Ninety-Nine F# Problems - Problems 31 - 41 - Arithmetic]

These are F# solutions of Ninety-Nine Haskell Problems which are themselves translations of Ninety-Nine Lisp Problems and Ninety-Nine Prolog Problems. The solutions are hidden so you can try to solve them yourself.

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Ninety-Nine F# Problems - Problems 31 - 41 - Arithmetic

 1: /// Ninety-Nine F# Problems - Problems 31 - 41 
 2: ///
 3: /// These are F# solutions of Ninety-Nine Haskell Problems 
 4: /// (http://www.haskell.org/haskellwiki/H-99:_Ninety-Nine_Haskell_Problems), 
 5: /// which are themselves translations of Ninety-Nine Lisp Problems
 6: /// (http://www.ic.unicamp.br/~meidanis/courses/mc336/2006s2/funcional/L-99_Ninety-Nine_Lisp_Problems.html)
 7: /// and Ninety-Nine Prolog Problems
 8: /// (https://sites.google.com/site/prologsite/prolog-problems).
 9: ///
10: /// If you would like to contribute a solution or fix any bugs, send 
11: /// an email to paks at kitiara dot org with the subject "99 F# problems". 
12: /// I'll try to update the problem as soon as possible.
13: ///
14: /// The problems have different levels of difficulty. Those marked with a single asterisk (*) 
15: /// are easy. If you have successfully solved the preceeding problems you should be able to 
16: /// solve them within a few (say 15) minutes. Problems marked with two asterisks (**) are of 
17: /// intermediate difficulty. If you are a skilled F# programmer it shouldn't take you more than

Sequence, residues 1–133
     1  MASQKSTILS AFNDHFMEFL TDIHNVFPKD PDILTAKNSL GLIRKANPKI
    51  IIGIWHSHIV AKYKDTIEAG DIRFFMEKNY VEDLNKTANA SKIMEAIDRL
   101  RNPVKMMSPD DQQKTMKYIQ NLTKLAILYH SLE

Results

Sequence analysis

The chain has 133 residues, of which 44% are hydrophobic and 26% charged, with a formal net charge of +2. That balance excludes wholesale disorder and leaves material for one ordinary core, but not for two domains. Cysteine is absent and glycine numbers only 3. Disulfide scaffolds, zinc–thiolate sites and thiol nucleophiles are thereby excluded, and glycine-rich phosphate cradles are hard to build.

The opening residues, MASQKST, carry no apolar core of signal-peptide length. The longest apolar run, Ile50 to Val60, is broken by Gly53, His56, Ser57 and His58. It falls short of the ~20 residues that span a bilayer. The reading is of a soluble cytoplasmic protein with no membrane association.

18: /// 30-90 minutes to solve them. Problems marked with three asterisks (***) are more difficult. 
19: /// You may need more time (i.e. a few hours or more) to find a good solution
20: ///
21: /// Though the problems number from 1 to 99, there are some gaps and some additions marked with 
22: /// letters. There are actually only 88 problems.

(**) Problem 31 : Determine whether a given integer number is prime.

 1: /// Example: 
 2: /// * (is-prime 7)
 3: /// T
 4: ///  
 5: /// Example in F#: 
 6: /// 
 7: /// > isPrime 7;;
 8: /// val it : bool = true
 9: 
10: (Solution 1)
11: 
12: (Solution 2)

(**) Problem 32 : Determine the greatest common divisor of two positive integer numbers. Use Euclid's algorithm.

 1: /// Example: 
 2: /// * (gcd 36 63)
 3: /// 9
 4: ///  
 5: /// Example in F#: 
 6: /// 
 7: /// > [gcd 36 63; gcd (-3) (-6); gcd (-3) 6];;
 8: /// val it : int list = [9; 3; 3]
 9: 
10: (Solution)

(*) Problem 33 : Determine whether two positive integer numbers are coprime.

 1: /// Two numbers are coprime if their greatest common divisor equals 1.
 2: ///  
 3: /// Example: 
 4: /// * (coprime 35 64)
 5: /// T
 6: ///  
 7: /// Example in F#: 
 8: /// 
 9: /// > coprime 35 64;;
10: /// val it : bool = true
11: 
12: (Solution)

(**) Problem 34 : Calculate Euler's totient function phi(m).

 1: /// Euler's so-called totient function phi(m) is defined as the number of 
 2: /// positive integers r (1 <= r < m) that are coprime to m.
 3: ///  
 4: /// Example: m = 10: r = 1,3,7,9; thus phi(m) = 4. Note the special case: phi(1) = 1.
 5: ///  
 6: /// Example: 
 7: /// * (totient-phi 10)
 8: /// 4
 9: ///  
10: /// Example in F#: 
11: /// 
12: /// > totient 10;;
13: /// val it : int = 4
14: 
15: (Solution)

(**) Problem 35 : Determine the prime factors of a given positive integer.

 1: /// Construct a flat list containing the prime factors in ascending order.
 2: ///  
 3: /// Example: 
 4: /// * (prime-factors 315)
 5: /// (3 3 5 7)
 6: ///  
 7: /// Example in F#: 
 8: /// 
 9: /// > primeFactors 315;;
10: /// val it : int list = [3; 3; 5; 7]
11: 
12: (Solution)

(**) Problem 36 : Determine the prime factors of a given positive integer.

 1: /// 
 2: /// Construct a list containing the prime factors and their multiplicity. 
 3: /// 
 4: /// Example: 
 5: /// * (prime-factors-mult 315)
 6: /// ((3 2) (5 1) (7 1))
 7: ///  
 8: /// Example in F#: 
 9: /// 
10: /// > primeFactorsMult 315;;
11: /// [(3,2);(5,1);(7,1)]
12: 
13: (Solution)

(**) Problem 37 : Calculate Euler's totient function phi(m) (improved).